Of crooked roads, twisted laughs and a quirky ride.
Cast: Greg Kinnear, Toni Collette, Abigail Breslin, Steve Carell, Paul Dano and Alan Arkin.
Genre: Dark comedy | DVD priced at: Rs 599
If you could accompany the Hoover family on any one road trip, it should be the one where they all pile into their weather-beaten Volkswagen T2 Microbus and head to California. For on this trip, you will not only have interesting co-passengers but also an unlimited supply of drama, topped with copious doses of dark hilarity.
Little Miss Sunshine is an American road film that takes the route to satirical drollery with the story of a dysfunctional family. The film premiered at the Sundance Film Festival in 2006 and has garnered some serious praise. Husband-wife duo of Jonathan Dayton and Valerie Faris direct this film, that depicts how winning-crazed our society is.
The Hoover family sets out on the trip from Albuquerque when the protagonist, the 7-year old Olive Hoover (Abigail Breslin) qualifies for a pre-pubescent beauty pageant (for the title of Little Miss Sunshine), to be held in California. Olive has a heroin addict for a grandpa, a bankrupt father, a frustrated mother, an uncle who failed a suicide attempt and a stepbrother who maintains a vow of silence. Sounds weird? Oh, rest assured, you’ll grow to love them.
Along the way, their bus encounters a number of mechanical problems, matching the family’s situation. Overcoming several hurdles along the way, the family reaches California for Olive’s pageant. The film climaxes with a shockingly authentic portrayal of a pageant – preteen girls with stylised hair and glamourous eveningwear. Picture Olive here, with her large glasses and chubby cheeks sans any make-up.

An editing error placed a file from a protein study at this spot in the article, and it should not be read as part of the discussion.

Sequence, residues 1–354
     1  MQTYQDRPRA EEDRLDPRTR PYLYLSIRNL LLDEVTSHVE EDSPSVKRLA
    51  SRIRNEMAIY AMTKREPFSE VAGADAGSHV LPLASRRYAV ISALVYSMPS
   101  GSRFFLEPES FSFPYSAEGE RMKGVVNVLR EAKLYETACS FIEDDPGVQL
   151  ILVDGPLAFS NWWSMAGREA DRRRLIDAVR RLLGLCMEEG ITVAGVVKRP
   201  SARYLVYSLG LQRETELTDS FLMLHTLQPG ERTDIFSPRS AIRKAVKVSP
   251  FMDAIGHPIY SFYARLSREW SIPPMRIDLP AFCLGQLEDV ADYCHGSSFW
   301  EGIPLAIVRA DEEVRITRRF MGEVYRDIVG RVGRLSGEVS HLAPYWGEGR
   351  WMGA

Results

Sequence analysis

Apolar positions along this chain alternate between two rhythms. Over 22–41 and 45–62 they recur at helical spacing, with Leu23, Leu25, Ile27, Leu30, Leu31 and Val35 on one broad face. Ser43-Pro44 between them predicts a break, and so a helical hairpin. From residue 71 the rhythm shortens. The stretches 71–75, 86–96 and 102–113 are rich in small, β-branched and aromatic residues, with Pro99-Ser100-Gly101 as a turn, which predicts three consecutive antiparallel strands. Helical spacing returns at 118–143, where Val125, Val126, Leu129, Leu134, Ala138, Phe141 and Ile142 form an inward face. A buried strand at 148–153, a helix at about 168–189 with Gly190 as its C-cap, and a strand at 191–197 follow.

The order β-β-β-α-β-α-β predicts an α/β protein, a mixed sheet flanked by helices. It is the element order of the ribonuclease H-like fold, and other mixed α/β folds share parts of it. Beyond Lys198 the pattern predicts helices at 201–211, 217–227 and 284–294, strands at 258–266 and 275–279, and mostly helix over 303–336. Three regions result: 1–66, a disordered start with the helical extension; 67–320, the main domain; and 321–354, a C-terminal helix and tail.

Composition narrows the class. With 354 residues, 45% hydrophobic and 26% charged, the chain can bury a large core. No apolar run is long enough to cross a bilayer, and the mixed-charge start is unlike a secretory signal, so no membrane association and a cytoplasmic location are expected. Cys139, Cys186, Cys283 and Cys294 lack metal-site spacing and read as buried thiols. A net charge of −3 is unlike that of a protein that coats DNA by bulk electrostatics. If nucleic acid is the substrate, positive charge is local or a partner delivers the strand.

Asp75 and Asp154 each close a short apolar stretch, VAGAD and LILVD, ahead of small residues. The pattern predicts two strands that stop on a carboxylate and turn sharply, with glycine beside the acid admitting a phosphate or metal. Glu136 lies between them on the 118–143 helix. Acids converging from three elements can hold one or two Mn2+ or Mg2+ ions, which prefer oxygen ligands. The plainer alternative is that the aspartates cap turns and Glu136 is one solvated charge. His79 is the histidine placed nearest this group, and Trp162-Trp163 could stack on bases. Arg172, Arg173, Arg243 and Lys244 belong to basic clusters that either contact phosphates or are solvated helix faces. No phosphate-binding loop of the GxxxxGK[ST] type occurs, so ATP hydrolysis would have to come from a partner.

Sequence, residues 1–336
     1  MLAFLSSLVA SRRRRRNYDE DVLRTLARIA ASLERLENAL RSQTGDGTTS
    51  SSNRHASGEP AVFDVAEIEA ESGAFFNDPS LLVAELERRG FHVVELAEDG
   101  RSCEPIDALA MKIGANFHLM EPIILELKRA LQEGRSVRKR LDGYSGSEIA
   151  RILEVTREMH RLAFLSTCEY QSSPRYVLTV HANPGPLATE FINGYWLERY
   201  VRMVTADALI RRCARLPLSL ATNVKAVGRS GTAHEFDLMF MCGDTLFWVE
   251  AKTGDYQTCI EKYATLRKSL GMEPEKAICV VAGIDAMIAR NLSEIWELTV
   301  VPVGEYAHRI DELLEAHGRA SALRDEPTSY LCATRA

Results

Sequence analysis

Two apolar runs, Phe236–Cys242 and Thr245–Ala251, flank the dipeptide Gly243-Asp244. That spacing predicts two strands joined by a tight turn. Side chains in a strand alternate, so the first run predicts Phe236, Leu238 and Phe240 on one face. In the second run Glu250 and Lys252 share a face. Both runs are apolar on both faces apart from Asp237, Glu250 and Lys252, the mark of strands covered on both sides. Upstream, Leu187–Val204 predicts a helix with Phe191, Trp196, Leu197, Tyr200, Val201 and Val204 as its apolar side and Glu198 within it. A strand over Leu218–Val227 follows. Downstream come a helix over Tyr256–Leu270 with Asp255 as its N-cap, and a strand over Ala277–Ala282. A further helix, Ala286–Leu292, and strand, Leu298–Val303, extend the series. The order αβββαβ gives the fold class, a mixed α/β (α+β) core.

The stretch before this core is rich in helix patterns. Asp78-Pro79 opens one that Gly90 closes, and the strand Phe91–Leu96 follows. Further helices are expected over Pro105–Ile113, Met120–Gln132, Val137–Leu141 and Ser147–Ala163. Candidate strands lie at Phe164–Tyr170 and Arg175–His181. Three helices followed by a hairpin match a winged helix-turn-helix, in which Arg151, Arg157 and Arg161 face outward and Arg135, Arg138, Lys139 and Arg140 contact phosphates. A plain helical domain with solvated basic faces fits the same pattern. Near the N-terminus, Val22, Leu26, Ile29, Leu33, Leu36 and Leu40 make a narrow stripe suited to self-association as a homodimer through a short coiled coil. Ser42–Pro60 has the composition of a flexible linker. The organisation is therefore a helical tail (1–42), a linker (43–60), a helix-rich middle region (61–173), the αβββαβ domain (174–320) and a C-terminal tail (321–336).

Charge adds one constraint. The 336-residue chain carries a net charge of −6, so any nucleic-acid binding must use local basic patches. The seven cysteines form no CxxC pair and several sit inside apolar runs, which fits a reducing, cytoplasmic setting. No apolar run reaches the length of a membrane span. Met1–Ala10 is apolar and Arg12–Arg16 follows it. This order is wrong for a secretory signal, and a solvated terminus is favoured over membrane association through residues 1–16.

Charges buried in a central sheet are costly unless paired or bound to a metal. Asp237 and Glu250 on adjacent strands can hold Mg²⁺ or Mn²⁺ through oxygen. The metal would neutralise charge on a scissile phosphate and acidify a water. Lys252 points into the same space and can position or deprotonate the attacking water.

It is the twisted sense of humour that complements the realism, and holds the story together. For a large part of the film, the family is out on the road battling gruesome heat and as the viewer, you feel the heat too. What stands out amid all the chaos and catharsis is the easy naturalism. The visuals are fresh and eccentric, allowing the characters’ personalities to take centre stage. Another notable aspect of the film is its music, which is a mix of indie rock and folk music. Denver-based band, DeVotchKa has provided majority of the score. They used unusual instruments such as the sousaphone, theremin and bouzouki to give an odd, humourous feel to the music.
Little Miss Sunshine is not to be confused for a children’s film, for it is definitely not that. The film has some dialogue involving profanity and shows substance abuse. That said, from the photography to the sets, the music and the superb performances, the film captures the Hoovers in all their absurdity, angst and affection. It’s definitely a road trip you don’t want to miss.